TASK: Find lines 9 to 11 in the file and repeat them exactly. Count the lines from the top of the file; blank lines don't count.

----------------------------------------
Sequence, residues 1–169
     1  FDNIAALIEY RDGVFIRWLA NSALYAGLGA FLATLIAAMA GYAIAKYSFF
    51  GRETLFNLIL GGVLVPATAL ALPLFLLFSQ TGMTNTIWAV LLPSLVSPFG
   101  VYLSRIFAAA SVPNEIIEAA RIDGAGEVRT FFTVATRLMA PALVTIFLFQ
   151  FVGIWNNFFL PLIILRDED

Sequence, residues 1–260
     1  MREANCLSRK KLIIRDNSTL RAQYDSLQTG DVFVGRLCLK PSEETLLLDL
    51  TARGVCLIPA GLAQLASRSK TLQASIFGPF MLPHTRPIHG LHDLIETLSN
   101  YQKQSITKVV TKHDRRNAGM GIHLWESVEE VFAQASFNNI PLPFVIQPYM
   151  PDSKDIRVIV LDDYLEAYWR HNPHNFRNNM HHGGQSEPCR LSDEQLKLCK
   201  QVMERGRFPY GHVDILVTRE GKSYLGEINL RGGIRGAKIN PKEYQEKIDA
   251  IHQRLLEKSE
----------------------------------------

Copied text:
   101  YQKQSITKVV TKHDRRNAGM GIHLWESVEE VFAQASFNNI PLPFVIQPYM
   151  PDSKDIRVIV LDDYLEAYWR HNPHNFRNNM HHGGQSEPCR LSDEQLKLCK
   201  QVMERGRFPY GHVDILVTRE GKSYLGEINL RGGIRGAKIN PKEYQEKIDA